When designing a building, an architect starts by making a blueprint. The blueprint lays out the design and answers any questions about what’s being created, providing direction for the builders on the ground.

The lesson of Experience 2017, powered by Rakuten Marketing, an event held in New York City in October, was that just as buildings need blueprints, so too do businesses – for their data strategy.

In a panel session titled “The Key to a Data Strategy Blueprint,” a group of startup founders and data scientists discussed the kind of blueprint that is necessary, and the kind of talent needed to make it.

Paul Gu, Co-Founder of Upstart, a company in the Rakuten Capital portfolio, kicked off the conversation by highlighting the long-term nature of data strategies. “Collecting data is a starting point. You first have to start collecting just for the sake of collecting data, to help inform the decisions you will have to make later on.”

Jason Burby, Chief Customer Success Officer at Domo agreed. “A data strategy blueprint must be forward-looking,” he said. “Once the initial data is collected, then the data strategy blueprint can begin to take shape.”

Data beats biases

An effective data strategy blueprint, explained Molly Dufner, Vice President of E-Commerce & CRM at bareMinerals, can help company leaders “read through biases.” For example, a digital marketing director who hires an “influencer” will want to see how well they perform. The influencer might offer an engagement report, but it’s likely to be biased to reflect what they want to highlight. So the digital marketing director will need to work with a data scientist to develop a blueprint that can be used to show the true influence and engagement of the influencer.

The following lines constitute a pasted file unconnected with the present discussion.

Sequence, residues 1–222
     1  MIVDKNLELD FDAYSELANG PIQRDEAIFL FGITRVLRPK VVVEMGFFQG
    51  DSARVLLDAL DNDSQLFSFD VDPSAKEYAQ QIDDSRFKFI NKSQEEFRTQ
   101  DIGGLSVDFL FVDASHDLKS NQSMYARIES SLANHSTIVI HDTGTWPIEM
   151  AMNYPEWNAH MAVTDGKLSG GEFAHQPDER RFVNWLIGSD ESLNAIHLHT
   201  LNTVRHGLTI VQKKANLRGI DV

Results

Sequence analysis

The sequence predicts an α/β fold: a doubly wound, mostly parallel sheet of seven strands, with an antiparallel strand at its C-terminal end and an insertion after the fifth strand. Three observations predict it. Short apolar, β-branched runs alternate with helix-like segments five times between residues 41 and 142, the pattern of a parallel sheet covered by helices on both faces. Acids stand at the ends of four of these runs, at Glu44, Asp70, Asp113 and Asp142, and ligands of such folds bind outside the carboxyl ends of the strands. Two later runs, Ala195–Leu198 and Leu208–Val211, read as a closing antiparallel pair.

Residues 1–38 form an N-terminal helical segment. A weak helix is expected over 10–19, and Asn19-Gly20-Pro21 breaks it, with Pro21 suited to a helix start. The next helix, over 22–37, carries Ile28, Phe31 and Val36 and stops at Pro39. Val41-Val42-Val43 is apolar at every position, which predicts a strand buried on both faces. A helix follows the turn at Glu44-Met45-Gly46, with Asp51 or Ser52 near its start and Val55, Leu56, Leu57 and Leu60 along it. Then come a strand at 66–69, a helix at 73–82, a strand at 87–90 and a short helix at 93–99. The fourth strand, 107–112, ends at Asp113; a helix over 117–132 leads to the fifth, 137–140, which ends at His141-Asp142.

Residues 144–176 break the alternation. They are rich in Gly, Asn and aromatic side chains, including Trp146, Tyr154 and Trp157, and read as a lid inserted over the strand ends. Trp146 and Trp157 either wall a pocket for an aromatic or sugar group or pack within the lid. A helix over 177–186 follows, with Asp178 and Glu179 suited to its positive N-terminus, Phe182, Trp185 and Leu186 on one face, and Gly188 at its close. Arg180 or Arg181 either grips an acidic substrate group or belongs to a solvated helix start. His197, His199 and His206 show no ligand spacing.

Even with biases worked out, companies are complex. The data strategy blueprint must be created with this in mind. Who is looking at the data? Do they need figures, charts and graphs? Or do they require a narrative? After all, data does tell stories. Any company will have short- and long-term goals, and looking at the numbers could help make those achievable. But the data narrative will also help you understand how the company can reach its ambitions, added Dufner.

For that reason, Burby argued, it’s essential to involve a variety of people in the blueprint-creation process. “You must have decision-makers in the room too,” he said. But even then, it’s still important to designate one person to lead on data collection and communication. “Every company needs a data champion who can shift the company culture on data. They’re the driving force that gets executives looking for more data to help them make decisions,” Burby argued.

With data collection comes responsibility

Another important part of the data strategy blueprint is the customer relationship. Neil O’Keefe, Senior Vice President of Marketing and Content at the Data & Marketing Association, explained that “if you’re using data to optimize your customers’ experience, you’re doing the right thing. Data is the communication between the brand and customer.”

Gu added a warning to brands to clearly articulate to consumers why they collect data and how it’s used to benefit them. “Be clear that data collection can make it easier to acquire customers and that drives down costs, which is a consumer benefit.”

While the group agreed on the impact data can have on an organization, Gu cautioned that data can be over-hyped. “Be careful with data,” he warned. “Data without scientific rigor can be misused. You can find things that aren’t true and you might make the wrong decisions based on misleading data.”